255319 Tuning Charge Transport of Solution Sheared Organic Semiconductors Using Lattice Strain

Thursday, November 1, 2012: 1:10 PM
Fayette (Westin )
Gaurav Giri1, Eric Verploegen2, Stefan Mannsfeld3, Michael Toney3 and Zhenan Bao1, (1)Chemical Engineering, Stanford University, Stanford, CA, (2)Soane Energy, (3)SLAC National Accelerator Laboratory, Menlo Park, CA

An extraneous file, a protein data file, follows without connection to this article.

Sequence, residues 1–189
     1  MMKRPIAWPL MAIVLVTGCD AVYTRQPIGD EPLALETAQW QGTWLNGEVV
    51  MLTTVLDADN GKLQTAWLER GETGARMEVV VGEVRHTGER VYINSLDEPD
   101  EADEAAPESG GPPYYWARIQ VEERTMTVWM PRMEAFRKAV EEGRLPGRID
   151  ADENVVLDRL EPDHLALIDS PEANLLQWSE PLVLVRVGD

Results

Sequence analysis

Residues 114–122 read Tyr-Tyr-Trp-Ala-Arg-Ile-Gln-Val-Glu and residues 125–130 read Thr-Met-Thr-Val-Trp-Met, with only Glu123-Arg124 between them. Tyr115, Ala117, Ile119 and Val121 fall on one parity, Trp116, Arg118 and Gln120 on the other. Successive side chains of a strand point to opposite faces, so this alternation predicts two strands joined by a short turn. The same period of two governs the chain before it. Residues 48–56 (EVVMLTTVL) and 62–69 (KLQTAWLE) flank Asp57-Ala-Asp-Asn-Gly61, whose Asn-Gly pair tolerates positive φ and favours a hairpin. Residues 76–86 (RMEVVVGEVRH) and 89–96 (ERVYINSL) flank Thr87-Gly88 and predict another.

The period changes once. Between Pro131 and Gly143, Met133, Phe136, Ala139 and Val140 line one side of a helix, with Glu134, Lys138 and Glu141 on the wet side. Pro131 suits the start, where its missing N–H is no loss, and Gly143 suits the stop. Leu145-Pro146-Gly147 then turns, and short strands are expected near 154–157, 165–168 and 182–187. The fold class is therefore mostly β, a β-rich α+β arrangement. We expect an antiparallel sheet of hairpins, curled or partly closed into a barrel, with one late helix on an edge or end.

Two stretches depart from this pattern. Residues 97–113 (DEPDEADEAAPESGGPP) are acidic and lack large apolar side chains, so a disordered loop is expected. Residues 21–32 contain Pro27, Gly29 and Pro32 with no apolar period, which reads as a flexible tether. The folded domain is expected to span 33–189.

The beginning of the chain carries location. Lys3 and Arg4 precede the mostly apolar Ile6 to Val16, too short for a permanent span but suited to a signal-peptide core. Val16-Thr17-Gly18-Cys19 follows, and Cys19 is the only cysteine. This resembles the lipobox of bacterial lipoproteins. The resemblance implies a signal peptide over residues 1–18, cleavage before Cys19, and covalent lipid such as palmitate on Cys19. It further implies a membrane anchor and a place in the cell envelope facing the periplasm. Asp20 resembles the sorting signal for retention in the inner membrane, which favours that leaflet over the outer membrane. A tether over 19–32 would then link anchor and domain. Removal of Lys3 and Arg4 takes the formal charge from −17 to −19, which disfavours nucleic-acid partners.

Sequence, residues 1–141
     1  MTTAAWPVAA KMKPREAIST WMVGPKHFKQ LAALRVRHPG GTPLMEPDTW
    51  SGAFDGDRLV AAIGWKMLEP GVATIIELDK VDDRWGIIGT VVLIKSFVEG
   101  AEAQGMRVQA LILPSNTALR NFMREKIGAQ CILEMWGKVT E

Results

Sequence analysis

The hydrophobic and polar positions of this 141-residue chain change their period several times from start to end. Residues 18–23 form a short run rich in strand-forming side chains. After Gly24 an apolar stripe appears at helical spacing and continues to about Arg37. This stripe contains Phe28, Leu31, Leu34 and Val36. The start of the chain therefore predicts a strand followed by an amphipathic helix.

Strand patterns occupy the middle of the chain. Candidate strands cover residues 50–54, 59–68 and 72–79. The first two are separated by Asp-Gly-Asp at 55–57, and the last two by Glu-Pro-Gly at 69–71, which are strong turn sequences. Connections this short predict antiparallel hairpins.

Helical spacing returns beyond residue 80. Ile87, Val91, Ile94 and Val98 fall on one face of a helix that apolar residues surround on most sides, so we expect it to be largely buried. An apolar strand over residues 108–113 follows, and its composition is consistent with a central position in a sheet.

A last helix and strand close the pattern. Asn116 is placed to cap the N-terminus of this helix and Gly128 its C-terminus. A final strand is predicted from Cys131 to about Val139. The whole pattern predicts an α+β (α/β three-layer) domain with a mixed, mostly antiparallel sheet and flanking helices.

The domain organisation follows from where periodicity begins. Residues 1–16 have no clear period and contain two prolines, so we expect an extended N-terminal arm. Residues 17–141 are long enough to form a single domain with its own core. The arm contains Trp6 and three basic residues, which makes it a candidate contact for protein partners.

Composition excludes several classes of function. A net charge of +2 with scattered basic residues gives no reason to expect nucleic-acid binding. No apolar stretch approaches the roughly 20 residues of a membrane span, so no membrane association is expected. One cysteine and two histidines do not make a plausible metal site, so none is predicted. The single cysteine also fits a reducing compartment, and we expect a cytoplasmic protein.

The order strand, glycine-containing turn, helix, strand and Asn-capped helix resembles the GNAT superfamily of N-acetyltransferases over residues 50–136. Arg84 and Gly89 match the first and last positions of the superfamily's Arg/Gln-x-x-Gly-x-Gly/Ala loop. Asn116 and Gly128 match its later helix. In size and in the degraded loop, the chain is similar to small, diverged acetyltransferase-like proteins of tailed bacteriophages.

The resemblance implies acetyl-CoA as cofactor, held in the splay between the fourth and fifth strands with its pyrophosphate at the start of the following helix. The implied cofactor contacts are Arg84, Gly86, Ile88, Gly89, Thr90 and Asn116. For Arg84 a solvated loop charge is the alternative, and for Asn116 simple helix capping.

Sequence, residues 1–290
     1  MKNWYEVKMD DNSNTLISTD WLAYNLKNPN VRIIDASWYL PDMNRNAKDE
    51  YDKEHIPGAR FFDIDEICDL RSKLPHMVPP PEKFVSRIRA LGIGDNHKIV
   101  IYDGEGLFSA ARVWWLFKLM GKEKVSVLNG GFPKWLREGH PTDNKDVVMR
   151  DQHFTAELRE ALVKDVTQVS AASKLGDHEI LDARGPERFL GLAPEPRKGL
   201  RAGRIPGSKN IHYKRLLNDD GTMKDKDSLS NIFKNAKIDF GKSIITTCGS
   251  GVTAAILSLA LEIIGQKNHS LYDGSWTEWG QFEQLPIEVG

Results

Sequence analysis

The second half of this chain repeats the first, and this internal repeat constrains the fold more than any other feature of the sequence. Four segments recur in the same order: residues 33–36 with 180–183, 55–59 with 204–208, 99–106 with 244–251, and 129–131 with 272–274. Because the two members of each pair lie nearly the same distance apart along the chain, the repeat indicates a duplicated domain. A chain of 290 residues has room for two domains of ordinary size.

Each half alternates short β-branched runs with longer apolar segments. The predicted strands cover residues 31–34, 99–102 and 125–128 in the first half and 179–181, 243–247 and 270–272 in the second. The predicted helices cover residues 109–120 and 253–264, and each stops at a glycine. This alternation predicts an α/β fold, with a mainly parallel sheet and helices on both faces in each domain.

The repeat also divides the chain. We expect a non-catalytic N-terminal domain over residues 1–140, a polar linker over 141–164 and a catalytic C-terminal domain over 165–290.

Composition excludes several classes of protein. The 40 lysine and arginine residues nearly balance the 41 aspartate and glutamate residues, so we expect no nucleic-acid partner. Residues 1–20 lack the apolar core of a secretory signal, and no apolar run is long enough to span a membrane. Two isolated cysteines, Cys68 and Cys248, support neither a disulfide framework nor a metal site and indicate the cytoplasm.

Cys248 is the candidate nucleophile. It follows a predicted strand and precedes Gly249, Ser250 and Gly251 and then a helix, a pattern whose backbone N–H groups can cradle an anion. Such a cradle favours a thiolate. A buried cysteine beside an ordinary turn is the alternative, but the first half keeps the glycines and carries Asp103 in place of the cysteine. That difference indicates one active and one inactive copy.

Solution deposition of organic semiconductors (OSC) is a leading contender for producing large-area, inexpensive, and flexible organic electronics. We recently developed a solution deposition method for OSCs known as solution shearing, which resulted in better organic field effect transistor (OFET) performance compared to those fabricated from simple drop casting or spin casting methods. We found that this method can achieve a wide range of reproducible OSC morphologies, which results in differing FET performance. We measure the molecular ordering resulting from a variety of solution shearing conditions, and we show that we can controllably tune the molecular packing of OSCs by generating lattice strain in the growing crystalline thin film. We discuss the characteristics of this method and its applicability to a wide range of OSCs. Using the OSC TIPS-pentacene as a model, we show that certain conditions yield remarkable FET performance, where FETs show an average charge carrier mobility around 2 cm2 V-1s-1 with some transistors showing mobilities as high as 4 cm2 V-1s-1, a current On/Off ratio of  > 106, low hysteresis and a low threshold voltage.  We also investigate the thermal and temporal stability of the lattice strained TIPS-pentacene crystalline films, and measure the relationship between the morphological features and its impact on carrier charge transport.

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